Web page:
May 1, 1989
Program in Criminal Justice Policy and Management, John F. Kennedy School of Government
A cardinal tenet of community policing is that a new relationship between police and neighborhood is required if the quality of residential and commercial life is to be protected or improved in cities. This raises questions about what a neighborhood is and about its role and relationships with the police.
This paper addresses these questions by focusing on three aspects of neighborhoods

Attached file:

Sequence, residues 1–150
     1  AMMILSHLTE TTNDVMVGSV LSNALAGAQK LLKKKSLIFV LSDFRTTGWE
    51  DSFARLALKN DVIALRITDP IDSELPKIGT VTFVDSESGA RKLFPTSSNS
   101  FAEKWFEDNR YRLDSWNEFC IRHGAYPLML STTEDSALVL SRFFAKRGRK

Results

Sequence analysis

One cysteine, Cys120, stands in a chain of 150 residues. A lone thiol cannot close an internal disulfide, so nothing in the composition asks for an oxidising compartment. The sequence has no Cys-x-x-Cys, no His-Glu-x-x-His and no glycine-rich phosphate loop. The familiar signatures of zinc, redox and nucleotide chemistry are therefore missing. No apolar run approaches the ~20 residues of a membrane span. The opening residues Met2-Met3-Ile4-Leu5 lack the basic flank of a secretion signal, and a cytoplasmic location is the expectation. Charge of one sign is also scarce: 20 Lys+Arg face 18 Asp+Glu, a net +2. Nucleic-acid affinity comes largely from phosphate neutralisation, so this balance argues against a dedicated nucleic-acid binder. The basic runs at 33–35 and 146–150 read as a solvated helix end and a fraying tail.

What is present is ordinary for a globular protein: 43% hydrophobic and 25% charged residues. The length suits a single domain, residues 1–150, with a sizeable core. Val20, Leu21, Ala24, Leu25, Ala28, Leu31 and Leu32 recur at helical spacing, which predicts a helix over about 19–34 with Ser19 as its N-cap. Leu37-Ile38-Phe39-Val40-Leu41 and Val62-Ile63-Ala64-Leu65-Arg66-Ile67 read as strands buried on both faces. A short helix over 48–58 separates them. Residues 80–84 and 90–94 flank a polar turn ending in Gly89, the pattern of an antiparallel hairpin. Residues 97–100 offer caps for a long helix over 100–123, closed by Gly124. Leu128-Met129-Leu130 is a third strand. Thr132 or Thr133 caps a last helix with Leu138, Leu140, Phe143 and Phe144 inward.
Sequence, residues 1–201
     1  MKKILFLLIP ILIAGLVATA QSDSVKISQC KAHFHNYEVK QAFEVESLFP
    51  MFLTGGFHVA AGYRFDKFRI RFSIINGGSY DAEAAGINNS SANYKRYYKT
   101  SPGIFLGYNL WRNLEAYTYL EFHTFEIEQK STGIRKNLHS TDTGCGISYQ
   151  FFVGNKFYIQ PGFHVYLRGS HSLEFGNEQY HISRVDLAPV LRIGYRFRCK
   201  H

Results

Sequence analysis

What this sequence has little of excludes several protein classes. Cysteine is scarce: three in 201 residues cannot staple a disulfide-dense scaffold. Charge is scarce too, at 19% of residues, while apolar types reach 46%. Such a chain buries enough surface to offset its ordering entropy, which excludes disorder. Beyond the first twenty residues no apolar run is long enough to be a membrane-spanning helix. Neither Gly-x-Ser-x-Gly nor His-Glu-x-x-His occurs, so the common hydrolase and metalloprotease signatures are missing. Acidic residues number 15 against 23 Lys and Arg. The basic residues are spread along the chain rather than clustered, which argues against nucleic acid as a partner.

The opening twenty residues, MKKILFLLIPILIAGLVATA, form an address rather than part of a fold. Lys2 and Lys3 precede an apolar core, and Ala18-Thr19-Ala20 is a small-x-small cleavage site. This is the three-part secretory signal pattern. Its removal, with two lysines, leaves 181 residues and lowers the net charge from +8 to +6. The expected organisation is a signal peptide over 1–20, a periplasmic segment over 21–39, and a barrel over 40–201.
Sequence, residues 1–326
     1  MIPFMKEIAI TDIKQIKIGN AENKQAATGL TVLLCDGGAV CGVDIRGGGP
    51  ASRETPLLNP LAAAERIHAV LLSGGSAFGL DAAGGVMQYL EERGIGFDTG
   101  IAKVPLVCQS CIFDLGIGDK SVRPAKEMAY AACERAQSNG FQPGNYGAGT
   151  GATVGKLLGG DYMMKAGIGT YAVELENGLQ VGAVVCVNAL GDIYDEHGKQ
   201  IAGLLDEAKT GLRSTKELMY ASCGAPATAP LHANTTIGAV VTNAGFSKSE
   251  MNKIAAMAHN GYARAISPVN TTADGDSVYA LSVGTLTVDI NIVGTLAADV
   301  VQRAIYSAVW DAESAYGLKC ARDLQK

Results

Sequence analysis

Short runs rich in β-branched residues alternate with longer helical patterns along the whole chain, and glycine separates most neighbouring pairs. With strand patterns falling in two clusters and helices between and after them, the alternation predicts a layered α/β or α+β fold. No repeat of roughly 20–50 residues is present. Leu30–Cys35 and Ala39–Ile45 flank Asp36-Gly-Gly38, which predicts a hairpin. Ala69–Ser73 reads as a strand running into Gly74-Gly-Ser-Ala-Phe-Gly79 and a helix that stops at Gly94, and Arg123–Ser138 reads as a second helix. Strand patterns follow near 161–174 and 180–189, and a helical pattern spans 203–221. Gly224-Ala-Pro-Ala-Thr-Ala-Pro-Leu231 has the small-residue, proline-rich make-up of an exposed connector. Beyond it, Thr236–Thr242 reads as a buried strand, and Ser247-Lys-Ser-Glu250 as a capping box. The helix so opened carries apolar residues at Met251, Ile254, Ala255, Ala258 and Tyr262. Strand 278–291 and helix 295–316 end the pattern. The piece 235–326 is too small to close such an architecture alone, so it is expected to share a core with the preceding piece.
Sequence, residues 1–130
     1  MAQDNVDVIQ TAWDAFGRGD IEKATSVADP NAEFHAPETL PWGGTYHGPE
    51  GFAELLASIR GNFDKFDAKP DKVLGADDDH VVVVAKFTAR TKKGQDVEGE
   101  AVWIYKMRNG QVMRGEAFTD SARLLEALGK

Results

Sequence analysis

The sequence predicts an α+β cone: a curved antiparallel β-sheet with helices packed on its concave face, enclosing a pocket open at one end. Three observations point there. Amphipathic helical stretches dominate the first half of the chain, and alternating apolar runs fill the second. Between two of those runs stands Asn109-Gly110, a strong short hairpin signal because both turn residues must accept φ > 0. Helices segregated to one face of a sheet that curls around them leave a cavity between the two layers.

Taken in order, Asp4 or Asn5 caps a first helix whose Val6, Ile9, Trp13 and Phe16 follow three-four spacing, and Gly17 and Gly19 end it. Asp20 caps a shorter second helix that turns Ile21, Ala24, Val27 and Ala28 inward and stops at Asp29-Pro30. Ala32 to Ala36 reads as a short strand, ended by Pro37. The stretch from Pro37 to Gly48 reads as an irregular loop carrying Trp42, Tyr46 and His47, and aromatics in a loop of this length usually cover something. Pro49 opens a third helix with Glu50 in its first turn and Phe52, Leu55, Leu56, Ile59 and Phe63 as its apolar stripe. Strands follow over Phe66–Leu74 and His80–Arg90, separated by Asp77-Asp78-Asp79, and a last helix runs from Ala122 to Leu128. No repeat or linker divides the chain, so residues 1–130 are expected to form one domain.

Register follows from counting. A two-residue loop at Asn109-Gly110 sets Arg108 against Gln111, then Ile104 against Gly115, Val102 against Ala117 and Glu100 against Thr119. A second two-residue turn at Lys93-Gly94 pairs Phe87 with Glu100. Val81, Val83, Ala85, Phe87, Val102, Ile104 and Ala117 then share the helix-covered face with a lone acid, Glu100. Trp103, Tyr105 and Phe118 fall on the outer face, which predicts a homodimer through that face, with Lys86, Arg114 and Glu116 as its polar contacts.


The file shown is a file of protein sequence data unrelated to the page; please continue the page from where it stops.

(1) the neighborhood as polity
(2) the ability of a neighborhood to defend itself against crimes and disorders without eliminating civility and justice from social relations there
(3) alternate version of the role of municipal police in neighborhoods.
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